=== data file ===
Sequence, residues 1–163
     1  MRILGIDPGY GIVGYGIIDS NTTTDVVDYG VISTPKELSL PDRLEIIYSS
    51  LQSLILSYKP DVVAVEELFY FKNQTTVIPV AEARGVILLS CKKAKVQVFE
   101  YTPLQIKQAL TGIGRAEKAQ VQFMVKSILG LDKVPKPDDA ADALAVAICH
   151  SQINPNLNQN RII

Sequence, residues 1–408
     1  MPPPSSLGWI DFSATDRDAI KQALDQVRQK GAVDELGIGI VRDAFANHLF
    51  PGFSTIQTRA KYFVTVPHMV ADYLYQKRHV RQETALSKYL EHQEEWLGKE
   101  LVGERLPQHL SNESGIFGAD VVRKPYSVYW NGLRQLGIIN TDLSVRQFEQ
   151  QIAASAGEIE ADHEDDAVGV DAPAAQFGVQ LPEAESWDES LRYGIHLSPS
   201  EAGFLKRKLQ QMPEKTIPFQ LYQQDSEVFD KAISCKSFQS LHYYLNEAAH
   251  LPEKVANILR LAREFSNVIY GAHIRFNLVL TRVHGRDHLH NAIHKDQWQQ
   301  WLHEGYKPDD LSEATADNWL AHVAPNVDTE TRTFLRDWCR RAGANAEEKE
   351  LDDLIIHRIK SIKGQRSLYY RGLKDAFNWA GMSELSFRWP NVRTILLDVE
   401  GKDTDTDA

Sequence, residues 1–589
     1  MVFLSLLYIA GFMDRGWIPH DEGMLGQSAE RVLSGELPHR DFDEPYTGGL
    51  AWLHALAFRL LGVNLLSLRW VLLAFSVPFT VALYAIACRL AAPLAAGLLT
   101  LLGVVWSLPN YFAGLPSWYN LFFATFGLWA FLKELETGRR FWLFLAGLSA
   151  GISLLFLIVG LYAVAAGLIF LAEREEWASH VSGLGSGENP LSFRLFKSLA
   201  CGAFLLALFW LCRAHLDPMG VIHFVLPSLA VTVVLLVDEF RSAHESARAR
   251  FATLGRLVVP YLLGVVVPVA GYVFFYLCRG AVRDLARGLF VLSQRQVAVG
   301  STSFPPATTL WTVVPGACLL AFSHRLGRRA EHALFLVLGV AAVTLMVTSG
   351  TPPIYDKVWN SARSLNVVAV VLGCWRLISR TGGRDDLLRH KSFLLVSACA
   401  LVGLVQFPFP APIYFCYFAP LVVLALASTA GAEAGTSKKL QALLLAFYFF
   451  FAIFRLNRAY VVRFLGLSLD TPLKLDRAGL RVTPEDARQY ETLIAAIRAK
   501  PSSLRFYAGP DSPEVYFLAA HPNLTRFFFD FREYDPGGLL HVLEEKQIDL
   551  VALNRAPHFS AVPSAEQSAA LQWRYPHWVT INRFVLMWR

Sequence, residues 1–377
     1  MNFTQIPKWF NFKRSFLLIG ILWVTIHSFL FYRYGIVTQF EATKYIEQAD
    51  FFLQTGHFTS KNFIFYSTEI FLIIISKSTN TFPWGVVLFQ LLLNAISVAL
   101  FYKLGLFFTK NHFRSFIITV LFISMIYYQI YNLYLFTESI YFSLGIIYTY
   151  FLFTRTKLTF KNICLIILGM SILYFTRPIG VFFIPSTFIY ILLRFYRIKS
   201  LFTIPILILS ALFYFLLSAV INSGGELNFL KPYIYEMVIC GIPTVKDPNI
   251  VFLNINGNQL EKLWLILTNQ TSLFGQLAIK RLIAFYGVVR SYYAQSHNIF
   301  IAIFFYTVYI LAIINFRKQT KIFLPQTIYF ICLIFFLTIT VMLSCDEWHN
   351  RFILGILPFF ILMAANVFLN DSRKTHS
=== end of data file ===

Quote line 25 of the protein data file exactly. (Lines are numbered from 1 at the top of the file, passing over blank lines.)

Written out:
   401  LVGLVQFPFP APIYFCYFAP LVVLALASTA GAEAGTSKKL QALLLAFYFF